Thursday, October 10, 2013

Washington D.C, the Capital of Hardship and Negativity

Having grown up not far from New York City and spending my first semester of college abroad in London, I felt ready to embark on a new city, especially the one where my academic interests are headquartered.  I’ve always had an interest in American history and government which made the decision of whether or not to participate in the program pretty easy.  But six weeks into my internship and life in our nation’s capital, I have found that Washington has represented hardship and negativity more than the citizens of the greatest democracy of the free world.

On October 1, I was able to directly witness the first government shutdown in 17 years.  As of today, the shutdown has continued to rattle hundreds of thousands or workers and national landmarks because the individuals we as the voting population elected to represent us have failed.  Two of the simplest and more important jobs Congress takes on each year are to pass a budget and give approval to the Treasury Department to pay the nation’s debts and bills.  Instead, political agendas and animosity toward “colleagues” have prevented Congress from doing its job.

At the outset, moderate Republicans, particularly in the House, caved to the Tea Party and held the government hostage over the Affordable Care Act.  Their attempt to delay, defund or outright appeal the law has failed.  President Obama and Senate Democrats have held firm and will not negotiate the health care law with a “gun to the head.”  Let’s not forget that the law passed by Congress, signed into law by the President and upheld by the Supreme Court.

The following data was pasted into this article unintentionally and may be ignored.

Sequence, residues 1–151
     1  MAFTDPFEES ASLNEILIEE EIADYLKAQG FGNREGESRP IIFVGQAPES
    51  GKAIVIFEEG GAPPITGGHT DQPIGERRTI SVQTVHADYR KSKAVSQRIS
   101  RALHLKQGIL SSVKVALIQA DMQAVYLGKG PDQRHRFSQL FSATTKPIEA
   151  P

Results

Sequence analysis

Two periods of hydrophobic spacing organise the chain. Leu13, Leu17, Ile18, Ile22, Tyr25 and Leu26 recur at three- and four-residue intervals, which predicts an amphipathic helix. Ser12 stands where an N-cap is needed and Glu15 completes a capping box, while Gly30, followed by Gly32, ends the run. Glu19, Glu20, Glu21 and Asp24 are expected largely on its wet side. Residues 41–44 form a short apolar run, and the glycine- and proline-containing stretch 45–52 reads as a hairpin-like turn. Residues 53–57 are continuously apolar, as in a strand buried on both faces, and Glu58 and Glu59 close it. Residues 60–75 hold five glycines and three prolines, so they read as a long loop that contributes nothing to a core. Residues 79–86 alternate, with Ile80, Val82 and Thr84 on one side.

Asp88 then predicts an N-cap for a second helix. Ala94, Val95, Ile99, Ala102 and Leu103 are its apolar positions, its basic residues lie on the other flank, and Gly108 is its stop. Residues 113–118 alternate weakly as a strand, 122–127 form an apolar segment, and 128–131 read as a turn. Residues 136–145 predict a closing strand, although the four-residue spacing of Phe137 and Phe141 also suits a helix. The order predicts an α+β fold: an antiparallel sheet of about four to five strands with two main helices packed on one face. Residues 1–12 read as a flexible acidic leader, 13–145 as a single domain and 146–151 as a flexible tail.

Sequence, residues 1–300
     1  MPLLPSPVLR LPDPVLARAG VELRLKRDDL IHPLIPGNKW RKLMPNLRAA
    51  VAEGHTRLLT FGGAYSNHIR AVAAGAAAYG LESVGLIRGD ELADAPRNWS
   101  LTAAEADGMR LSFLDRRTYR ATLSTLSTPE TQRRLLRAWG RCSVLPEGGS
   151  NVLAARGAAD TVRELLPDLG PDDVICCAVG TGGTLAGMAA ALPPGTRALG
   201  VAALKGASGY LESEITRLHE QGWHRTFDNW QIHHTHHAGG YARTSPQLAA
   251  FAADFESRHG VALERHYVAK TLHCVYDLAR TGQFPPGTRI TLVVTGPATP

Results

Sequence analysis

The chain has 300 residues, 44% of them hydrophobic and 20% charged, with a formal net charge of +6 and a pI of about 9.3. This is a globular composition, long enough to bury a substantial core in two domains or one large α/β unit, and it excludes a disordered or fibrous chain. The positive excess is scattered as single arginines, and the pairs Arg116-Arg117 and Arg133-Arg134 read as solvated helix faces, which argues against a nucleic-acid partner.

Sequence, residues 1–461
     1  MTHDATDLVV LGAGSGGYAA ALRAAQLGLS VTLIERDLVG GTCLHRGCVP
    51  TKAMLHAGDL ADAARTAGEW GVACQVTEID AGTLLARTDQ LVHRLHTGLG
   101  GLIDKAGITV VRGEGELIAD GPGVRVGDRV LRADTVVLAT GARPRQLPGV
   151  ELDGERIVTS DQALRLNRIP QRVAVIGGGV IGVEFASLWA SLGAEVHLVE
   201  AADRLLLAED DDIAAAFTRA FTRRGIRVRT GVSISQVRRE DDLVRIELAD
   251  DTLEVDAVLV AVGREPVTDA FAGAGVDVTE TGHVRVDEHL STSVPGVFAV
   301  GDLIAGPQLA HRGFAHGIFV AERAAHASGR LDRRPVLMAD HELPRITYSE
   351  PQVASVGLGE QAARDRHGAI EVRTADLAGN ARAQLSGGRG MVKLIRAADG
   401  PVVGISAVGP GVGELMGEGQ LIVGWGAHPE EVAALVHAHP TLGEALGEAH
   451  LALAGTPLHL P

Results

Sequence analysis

Now, the focus of the stalemate has seemed to shift toward the debt ceiling.  Once again, Republicans are reluctant to raise the debt ceiling so that our nation can pay its bills unless it receives concessions from President Obama and Democrats.  By holding our debts and payments hostage through October 17, the Treasury Department would not be able to guarantee certain payments, including to Social Security and veteran recipients.  Democrats have once again held firm and will not negotiate while pinned to the wall.

As a result of the government shutdown and debate over the debt ceiling, many of my favorite monuments and museums are closed.  Instead of enjoying the masterpiece that is the Lincoln memorial, I find myself scouring the District for activities not impacted by the shutdown.  My friend from home, who hasn’t been to DC in more than five years, is coming to visit next weekend.  I’m still hoping to be able to fully show this incredibly historical city to him.    

As Republicans look for concessions from Democrats in return for opening up the government and paying the nation’s bills, hardship, negativity and hostility plague our nation’s so called “capital.”  I hope that before I leave I’ll be able to witness proper lawmaking and decision in action.